Will the next administration be willing to go to the International Monetary Fund for support, as Dr Worrell and many economists before him have suggested?

As the well-known advertising slogan for The National Enquirer supermarket tabloid would say: “Enquiring minds want to know.”

The recommendations by the fired governor are no prurient words, they are serious proposals that require serious consideration. They are also a sign that he has recognized the need for a transformation in attitudes and approach – a change in culture –  if the economy is to experience an alternative future, as he puts it, to the one we all currently envisage and dread.

He may be a flawed and imperfect messenger, but he is worth listening to.

7 Responses to #BTEditorial – From Saul to our economic Paul

  1. Ali Baba
    Ali Baba January 6, 2018 at 6:28 am

    BT he may be a flawed an imperfect messenger, but he is worth listening too…firstly any person who is willing to take bread out peoples’ mouth, must be seen as an enemy….DR WORRY WHY ANYONE WOULD WANT TO BORROW MONEY TO SEND HOME PEOPLE & WITH SEPARATION PACKAGES? NOW AT 8 YEARS GOV. PENSIONABLE FOR LIFE…THEY ARE PEOPLE WHO JOIN THE WORK FORCE AT AN EARLY AGE, HAVING PASS 33&1/3 DOING 40 + YEARS BUT AS YOUNG AS 57…WHY NO SHORTEN THEY YEARS AN WITH PENSION (BOTH) AND EMPLOY OTHERS, BECAUSE WHEN ONE GET TO 33+ THATS THE CUT OFF POINT. WHY NOT TAKE ALL THOSE GOVERNMENT THE VEHICLES OF THE ROAD, CUT BACK SALARIES FROM THE TOP ONLY, REPEAL THOSE IGRUNT TAXES, COLLECT ALL OUT STANDING TAXES AN FROM FRIENDS ALIKE…MIGHTY CONCESSION HAVE BEEN GIVEN AWAY, THAT NEEDS CHANGING, LOTTERY HAVEN’T PAID TAXES IN 7 YEARS, WHAT ABOUT THE TURF CLUB?…JUST SOME POINTERS, BUT OH NO, U PREFER TO GO THAT WAY…….U WERE SITTING ON 2.8BIL IN FX 2008 AND BY 2010 MONIES GONE UNDER UR WATCH, PRINTERS WORKING OVERTIME 7 LONG YEARS….BUT NOW U HAVE AH SOLUTION FOR EVERYTHING….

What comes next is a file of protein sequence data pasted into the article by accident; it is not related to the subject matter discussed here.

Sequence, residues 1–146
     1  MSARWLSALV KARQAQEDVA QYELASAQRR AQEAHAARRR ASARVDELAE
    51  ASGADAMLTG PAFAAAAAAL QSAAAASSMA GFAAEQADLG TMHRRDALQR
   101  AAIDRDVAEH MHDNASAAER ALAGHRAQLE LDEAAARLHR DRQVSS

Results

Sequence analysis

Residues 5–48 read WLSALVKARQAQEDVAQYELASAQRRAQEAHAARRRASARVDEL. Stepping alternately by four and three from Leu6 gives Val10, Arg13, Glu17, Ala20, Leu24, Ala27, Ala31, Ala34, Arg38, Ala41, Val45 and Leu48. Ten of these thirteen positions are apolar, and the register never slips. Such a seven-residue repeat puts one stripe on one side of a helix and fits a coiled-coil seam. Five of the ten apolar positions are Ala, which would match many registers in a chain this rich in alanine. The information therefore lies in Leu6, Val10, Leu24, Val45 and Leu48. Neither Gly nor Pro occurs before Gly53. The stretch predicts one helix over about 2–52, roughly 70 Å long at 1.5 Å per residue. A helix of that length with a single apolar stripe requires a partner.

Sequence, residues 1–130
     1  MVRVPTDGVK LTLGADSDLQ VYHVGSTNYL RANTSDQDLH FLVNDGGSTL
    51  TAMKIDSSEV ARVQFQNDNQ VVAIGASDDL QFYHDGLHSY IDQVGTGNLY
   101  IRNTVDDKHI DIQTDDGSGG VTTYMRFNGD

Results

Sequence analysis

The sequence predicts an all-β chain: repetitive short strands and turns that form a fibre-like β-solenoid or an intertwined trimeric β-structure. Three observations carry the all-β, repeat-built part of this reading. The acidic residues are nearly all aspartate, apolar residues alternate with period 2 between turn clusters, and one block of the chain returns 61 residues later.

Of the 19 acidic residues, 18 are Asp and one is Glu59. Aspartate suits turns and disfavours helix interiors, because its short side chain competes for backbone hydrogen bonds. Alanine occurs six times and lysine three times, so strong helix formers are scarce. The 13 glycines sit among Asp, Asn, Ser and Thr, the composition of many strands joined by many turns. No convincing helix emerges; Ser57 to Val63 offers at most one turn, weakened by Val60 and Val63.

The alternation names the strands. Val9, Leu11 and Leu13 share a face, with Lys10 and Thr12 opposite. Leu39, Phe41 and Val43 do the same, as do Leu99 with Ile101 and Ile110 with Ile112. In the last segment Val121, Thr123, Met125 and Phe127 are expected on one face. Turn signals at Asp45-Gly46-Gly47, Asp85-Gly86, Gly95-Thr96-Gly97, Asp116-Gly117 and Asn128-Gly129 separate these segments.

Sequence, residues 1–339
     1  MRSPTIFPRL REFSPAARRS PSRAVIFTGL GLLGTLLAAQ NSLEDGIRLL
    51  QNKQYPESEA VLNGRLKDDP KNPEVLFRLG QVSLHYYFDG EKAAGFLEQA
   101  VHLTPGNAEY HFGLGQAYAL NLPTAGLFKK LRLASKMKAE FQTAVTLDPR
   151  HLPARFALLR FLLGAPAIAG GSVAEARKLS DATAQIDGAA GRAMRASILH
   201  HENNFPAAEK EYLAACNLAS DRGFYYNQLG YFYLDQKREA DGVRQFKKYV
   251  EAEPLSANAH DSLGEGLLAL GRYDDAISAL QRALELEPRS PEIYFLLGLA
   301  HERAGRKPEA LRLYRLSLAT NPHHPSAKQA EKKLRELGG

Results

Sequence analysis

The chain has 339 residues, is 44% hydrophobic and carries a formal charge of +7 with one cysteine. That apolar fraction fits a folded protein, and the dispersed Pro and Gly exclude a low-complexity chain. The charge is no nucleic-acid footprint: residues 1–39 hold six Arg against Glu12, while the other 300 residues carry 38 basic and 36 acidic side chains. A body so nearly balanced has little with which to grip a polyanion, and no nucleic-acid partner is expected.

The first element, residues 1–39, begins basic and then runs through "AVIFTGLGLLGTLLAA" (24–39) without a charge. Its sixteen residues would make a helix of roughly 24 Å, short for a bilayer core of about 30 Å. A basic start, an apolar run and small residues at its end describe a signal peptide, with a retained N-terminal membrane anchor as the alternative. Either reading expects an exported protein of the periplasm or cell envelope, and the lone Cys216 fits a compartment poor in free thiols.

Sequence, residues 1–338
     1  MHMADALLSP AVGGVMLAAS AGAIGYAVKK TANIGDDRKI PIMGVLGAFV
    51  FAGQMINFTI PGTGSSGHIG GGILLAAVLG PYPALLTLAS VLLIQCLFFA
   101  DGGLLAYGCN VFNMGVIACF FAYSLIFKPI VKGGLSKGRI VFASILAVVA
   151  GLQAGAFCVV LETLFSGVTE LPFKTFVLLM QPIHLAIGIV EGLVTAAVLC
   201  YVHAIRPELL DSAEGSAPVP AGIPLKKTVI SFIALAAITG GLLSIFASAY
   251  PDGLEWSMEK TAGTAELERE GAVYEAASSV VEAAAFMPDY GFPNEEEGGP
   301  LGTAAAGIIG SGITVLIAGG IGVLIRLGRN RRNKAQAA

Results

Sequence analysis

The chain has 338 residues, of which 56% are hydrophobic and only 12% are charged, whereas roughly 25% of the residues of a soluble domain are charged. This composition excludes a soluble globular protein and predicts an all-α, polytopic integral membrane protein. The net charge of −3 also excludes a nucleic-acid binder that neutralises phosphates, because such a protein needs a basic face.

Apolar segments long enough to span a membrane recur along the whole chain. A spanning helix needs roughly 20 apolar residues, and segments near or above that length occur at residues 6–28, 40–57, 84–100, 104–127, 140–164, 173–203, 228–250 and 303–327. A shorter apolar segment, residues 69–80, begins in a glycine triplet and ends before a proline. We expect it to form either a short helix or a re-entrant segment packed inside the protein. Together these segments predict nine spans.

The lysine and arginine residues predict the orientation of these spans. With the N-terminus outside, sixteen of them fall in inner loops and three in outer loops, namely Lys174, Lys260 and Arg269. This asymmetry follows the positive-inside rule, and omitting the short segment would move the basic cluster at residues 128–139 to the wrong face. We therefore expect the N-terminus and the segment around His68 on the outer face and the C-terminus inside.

Reply
  2. Errol Rayside
    Errol Rayside January 6, 2018 at 7:30 am

    This uncle Tom stool pigeon on his way to Damascus ??

    Reply
  3. Arthur Collymore
    Arthur Collymore January 6, 2018 at 8:50 am

    This, in my opinion, is a brilliant article. You’ve said much of what I’ve been saying, namely; that some will curse this messenger because of his tenure as governor & that what he recommends is but the only way to get us back to stability & growth. I’m involved in the political process & my views can be construed as partisan. However, because of my training in economics, I can critique any advise proffered.